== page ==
Vivian G. Harsh: “the historian who never wrote”

Vivian G. Harsh
Vivian Gordon Harsh, librarian Chicago Public Library, George Cleveland Hall Branch. // Source: Vivian G. Harsh Research Collection of Afro-American History and Literature

Vivian G. Harsh (1890-1960) was an African American librarian who believed that librarians shouldered a “deep responsibility for intellectual and civic leadership in their communities” (Anne Meis Knupfer, 61). In 1924, Vivian Gordon Harsh became the first black librarian to work for the Chicago Public Library system. In 1932, George Cleveland Hall Library opened its doors and was the first black library in Chicago’s Bronzeville community.

As its first director, Harsh’s vision for the library was to become a community gathering space and to provide educational outreach. Harsh would travel throughout the south every summer in search of books written by or about black people with a mission to build the library’s repository. She amassed the “Special Negro Collection,” which gathered the attention from many readers and researchers. As director, and with the assistance of Charlemae Rollins, Harsh organized several community programs including art exhibits, literary forums, black history clubs, drama clubs, a senior citizen’s group, and debates to name a few. Harsh served as director until her retirement in 1958. Under her leadership, the George Cleveland Hall Library became an intellectual and cultural meeting space for African Americans and the Bronzeville community throughout the 1930s and 1940s.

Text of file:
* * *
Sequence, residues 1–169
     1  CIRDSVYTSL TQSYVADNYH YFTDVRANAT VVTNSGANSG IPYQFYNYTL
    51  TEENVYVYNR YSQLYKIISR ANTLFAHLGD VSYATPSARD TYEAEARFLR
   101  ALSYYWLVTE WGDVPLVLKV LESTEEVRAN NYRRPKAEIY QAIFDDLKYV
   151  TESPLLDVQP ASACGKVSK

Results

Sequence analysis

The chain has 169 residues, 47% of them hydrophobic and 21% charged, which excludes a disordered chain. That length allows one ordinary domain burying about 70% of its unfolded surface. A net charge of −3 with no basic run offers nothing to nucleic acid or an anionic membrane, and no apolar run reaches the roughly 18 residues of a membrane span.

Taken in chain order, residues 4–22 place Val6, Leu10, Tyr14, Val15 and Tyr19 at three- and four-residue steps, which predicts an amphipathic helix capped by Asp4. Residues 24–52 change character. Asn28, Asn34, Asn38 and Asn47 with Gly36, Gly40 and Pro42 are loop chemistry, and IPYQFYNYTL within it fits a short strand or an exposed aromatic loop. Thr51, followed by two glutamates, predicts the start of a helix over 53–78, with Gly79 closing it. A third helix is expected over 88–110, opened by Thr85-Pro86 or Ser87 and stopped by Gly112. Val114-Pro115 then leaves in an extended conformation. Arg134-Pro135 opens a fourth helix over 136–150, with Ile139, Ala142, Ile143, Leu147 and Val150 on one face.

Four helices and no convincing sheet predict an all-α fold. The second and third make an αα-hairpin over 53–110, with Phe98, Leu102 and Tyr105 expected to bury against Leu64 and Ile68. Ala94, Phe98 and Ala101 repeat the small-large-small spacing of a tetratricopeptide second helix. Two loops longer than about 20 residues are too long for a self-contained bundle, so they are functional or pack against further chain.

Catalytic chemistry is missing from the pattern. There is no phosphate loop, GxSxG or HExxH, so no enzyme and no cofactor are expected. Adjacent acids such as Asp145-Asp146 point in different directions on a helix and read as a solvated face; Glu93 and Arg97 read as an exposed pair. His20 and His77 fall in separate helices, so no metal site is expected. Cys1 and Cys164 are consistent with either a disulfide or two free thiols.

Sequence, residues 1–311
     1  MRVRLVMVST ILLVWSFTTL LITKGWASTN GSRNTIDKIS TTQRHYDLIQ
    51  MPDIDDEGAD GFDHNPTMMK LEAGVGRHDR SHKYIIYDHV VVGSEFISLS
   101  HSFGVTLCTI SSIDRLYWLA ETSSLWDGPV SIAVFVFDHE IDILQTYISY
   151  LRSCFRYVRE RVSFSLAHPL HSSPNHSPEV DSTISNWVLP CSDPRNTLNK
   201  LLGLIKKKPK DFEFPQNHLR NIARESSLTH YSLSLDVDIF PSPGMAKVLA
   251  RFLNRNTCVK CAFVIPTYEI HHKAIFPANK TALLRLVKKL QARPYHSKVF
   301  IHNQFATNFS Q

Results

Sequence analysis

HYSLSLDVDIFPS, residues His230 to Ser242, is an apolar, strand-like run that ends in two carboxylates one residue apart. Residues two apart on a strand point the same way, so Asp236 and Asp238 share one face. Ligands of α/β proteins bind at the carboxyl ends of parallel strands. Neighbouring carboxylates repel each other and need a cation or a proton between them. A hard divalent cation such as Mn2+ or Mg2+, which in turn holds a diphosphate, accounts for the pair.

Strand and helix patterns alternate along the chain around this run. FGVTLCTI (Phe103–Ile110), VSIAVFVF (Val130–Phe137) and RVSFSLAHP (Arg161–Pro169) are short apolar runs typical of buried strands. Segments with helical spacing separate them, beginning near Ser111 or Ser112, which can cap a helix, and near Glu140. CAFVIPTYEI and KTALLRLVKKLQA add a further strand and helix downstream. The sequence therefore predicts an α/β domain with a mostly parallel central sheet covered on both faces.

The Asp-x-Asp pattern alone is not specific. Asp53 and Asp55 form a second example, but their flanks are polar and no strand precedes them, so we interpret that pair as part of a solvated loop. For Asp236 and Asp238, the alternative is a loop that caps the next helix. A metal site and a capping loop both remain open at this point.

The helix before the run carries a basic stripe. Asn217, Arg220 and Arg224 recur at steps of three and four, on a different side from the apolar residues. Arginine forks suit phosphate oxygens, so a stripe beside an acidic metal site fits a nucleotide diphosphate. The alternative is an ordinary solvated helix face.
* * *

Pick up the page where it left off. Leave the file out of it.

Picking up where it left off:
Knupfer, Anne Meis. The Chicago Black Renaissance and Women’s Activisim. Urbana: University of Illinois Press, 2006.


Diggin’ Into the Past: Black Librarians, Archivists, and Museum Professionals


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